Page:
The US Environmental Protection Agency (EPA) Administrator Scott Pruitt issued a proposed rule under the Renewable Fuel Standards (RFS) program that would set the minimum amount of renewable fuels that must be supplied to the market in calendar year 2019, as well as the biomass based diesel volume standard for calendar year 2020.
Today, nearly all gasoline used for transportation purposes contains 10 percent ethanol (E10), and on average diesel fuel contains nearly 5 percent biodiesel and/or renewable diesel. However, the market has fallen well short of the statutory volumes for cellulosic biofuel, resulting in shortfalls in the advanced biofuel and total renewable fuel volumes. In this action, we are proposing a volume requirement for cellulosic biofuel at the level we project to be available for 2019, along with an associated applicable percentage standard.
For advanced biofuel and total renewable fuel, we are proposing reductions under the “cellulosic waiver authority” that would result in advanced biofuel and total renewable fuel volume requirements that are lower than the statutory targets by the same magnitude as the reduction in the cellulosic biofuel reduction. This would effectively maintain the implied statutory volumes for non-cellulosic advanced biofuel and conventional biofuel.—Proposed rule
Proposed and Final Renewable Fuel Volume Requirements for 2018-2020
Some key elements of today’s action:
“Conventional” renewable fuel volumes, primarily met by corn ethanol, would be maintained at the implied 15-billion gallon target set by Congress for 2019.
The advanced biofuel standard for 2019 would be increased by almost 600 million gallons—up 13.8%—over the 2018 standard.
The cellulosic biofuel standard for 2019 would be increased by almost 100 million gallons—up 32.3%—over the 2018 standard.
The biomass-based diesel standard for 2020 would be increased by 330 million gallons—up 15.8%—as compared to the standard for 2019. The biomass-based diesel standard for 2019 was set at 2.1 billion gallons in 2018 and cannot be changed.
EPA is also taking comment on ways to improve market transparency, including by limiting who can participate in the Renewable Identification Number (RIN) market and the length of time a RIN can be held.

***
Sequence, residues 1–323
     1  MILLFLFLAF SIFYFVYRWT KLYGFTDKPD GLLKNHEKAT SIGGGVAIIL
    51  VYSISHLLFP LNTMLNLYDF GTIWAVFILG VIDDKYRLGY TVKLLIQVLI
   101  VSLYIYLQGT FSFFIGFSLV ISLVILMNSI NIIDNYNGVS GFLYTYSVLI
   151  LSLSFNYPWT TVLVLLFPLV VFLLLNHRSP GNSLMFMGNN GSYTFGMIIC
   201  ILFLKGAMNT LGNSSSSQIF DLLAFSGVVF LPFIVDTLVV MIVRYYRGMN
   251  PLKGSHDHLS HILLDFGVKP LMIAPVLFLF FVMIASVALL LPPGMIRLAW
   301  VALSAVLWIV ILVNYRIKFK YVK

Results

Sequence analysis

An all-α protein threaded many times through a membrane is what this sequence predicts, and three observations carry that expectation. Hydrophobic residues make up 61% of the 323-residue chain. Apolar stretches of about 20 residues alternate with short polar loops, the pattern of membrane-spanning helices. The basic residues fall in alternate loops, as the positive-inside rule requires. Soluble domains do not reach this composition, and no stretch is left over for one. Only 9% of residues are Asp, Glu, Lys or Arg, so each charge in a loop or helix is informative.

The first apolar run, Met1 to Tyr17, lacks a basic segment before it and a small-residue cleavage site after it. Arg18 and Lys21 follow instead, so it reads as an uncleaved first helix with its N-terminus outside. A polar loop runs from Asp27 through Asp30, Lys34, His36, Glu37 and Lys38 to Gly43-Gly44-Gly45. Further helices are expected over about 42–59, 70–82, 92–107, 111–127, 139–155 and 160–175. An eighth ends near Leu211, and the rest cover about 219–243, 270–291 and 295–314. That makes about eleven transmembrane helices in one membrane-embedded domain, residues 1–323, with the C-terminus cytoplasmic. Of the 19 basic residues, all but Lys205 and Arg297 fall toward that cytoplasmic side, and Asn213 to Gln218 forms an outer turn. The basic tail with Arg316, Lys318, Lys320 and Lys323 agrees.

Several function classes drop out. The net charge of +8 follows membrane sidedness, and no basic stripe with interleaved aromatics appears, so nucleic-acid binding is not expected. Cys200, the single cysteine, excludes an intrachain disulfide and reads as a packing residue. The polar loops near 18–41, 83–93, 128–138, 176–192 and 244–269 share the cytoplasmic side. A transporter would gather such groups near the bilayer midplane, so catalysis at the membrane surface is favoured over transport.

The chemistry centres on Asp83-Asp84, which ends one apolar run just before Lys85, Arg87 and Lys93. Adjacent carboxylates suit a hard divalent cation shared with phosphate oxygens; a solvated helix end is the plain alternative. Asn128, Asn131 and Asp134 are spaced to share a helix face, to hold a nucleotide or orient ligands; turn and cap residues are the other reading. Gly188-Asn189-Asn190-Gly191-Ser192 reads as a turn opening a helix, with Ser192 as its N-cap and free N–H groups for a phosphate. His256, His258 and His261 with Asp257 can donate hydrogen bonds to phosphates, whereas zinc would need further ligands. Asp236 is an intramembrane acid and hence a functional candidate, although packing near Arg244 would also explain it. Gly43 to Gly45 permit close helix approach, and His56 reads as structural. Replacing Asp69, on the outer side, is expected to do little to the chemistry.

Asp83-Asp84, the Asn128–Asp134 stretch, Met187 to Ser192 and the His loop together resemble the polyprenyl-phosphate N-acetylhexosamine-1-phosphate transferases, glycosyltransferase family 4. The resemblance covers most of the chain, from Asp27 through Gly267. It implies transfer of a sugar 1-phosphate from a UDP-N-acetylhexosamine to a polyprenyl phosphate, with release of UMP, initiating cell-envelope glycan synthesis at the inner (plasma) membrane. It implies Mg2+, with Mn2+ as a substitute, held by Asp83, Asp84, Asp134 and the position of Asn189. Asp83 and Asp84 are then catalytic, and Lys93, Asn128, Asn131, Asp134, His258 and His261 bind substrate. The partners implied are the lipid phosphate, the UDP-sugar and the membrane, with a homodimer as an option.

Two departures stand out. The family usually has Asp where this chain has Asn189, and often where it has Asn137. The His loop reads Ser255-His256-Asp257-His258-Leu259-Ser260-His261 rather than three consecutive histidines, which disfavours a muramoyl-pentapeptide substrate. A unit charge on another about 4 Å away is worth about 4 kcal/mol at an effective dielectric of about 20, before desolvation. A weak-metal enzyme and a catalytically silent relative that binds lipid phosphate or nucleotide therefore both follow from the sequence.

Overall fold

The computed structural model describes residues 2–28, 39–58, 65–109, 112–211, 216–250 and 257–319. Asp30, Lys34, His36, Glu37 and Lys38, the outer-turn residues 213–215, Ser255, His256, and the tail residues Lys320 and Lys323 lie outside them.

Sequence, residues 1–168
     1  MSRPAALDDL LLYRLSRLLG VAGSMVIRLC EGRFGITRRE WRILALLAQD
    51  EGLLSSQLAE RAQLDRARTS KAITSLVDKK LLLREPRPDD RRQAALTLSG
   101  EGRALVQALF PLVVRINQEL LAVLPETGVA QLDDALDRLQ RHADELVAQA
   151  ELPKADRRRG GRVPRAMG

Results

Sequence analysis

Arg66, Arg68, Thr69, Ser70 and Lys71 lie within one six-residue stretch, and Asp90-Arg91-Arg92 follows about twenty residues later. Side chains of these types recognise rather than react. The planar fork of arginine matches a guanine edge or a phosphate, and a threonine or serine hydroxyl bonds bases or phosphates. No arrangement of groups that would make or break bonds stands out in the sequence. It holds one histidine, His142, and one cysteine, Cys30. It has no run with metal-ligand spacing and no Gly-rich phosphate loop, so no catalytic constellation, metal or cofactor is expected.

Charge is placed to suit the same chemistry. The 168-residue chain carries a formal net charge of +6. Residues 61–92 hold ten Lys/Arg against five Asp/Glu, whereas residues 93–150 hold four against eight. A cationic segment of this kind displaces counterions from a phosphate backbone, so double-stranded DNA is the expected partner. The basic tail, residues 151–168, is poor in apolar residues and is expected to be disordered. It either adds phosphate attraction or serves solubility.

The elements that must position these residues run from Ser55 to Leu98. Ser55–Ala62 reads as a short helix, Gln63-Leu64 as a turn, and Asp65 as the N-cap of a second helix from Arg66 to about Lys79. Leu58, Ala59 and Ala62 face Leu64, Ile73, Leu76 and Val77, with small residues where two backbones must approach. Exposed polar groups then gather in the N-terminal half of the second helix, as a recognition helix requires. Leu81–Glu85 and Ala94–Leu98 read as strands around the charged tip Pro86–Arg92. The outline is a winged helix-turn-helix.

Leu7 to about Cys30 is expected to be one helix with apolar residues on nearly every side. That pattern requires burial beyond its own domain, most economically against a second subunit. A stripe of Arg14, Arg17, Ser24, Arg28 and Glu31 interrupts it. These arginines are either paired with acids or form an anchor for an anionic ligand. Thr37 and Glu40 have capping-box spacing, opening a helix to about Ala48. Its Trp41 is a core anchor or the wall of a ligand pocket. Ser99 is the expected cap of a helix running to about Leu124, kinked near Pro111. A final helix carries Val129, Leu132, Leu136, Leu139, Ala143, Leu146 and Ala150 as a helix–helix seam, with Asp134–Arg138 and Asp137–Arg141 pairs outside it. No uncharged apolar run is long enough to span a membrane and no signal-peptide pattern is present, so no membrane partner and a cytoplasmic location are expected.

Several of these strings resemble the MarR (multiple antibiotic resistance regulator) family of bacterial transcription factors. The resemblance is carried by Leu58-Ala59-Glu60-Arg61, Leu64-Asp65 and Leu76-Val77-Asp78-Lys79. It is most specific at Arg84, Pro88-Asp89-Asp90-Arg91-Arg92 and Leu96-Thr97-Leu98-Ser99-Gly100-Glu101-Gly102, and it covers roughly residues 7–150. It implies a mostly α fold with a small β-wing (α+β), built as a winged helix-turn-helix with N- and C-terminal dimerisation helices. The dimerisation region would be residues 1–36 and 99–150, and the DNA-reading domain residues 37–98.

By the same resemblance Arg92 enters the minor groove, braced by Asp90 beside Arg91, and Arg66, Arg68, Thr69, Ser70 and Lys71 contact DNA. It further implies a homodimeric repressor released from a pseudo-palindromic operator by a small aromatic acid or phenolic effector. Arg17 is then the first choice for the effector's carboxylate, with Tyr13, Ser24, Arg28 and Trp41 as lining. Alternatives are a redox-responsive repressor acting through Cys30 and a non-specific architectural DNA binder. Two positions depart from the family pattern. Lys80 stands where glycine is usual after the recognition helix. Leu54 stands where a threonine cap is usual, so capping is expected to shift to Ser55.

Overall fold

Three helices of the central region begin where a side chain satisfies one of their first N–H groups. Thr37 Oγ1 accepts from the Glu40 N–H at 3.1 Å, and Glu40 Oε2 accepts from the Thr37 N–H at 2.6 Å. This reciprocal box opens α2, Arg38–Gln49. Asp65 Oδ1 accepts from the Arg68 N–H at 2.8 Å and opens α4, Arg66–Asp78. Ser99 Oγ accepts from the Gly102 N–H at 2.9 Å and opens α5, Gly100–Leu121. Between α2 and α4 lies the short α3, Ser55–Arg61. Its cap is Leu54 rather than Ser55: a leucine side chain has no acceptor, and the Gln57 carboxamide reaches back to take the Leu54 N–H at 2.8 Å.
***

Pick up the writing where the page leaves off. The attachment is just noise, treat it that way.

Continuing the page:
Reactions. The Iowa Corn Growers Association was displeased with the retention of the proposed Renewable Volume Obligations (RVO) for the 2019 conventional biofuels requirement at the statutory level of 15 billion gallons under the Renewable Fuel Standard (RFS). By doing so, the ICGA argued, the EPA failed to reallocate the gallons of ethanol exempted through the small refinery process.
EPA Administrator Scott Pruitt has handed out an unprecedented number of exemptions to small refineries across the country, effectively destroying more than 1.5 billion gallons of ethanol demand and slashing market access for America’s corn farmers, ICGA said.
The National Council of Chain Restaurants said increased biofuel levels for 2019 proposed by the Environmental Protection Agency are too high and called on Congress to reduce or repeal the ethanol mandate established under the federal Renewable Fuel Standard program.
Brent Erickson, Executive Vice President of the Biotechnology Innovation Organization’s (BIO) Industrial & Environmental Section welcomed EPA’s decision to raise the advanced and cellulosic biofuel volumes, but said the 2019 volumes should be higher, to correct from last year and also spur growth for the coming year. BIO would like the reallocation of gallons displaced from the small refinery waivers to go to advanced biofuels.
EPA’s decision to forgo reallocation of gallons displaced from small refinery waivers at the behest of the petroleum industry is disappointing. In order to ensure a favorable and supportive investment climate for advanced and cellulosic biofuel producers, EPA must reallocate the gallons from the small refinery waivers already issued and into the future.
Finally, the Agency must do more to approve new advanced and cellulosic biofuel technologies and production facilities, such as those that use corn kernel fiber as a feedstock, to adequately account for the potential of new technologies as it sets the final 2019 volumes.—Brent Erickson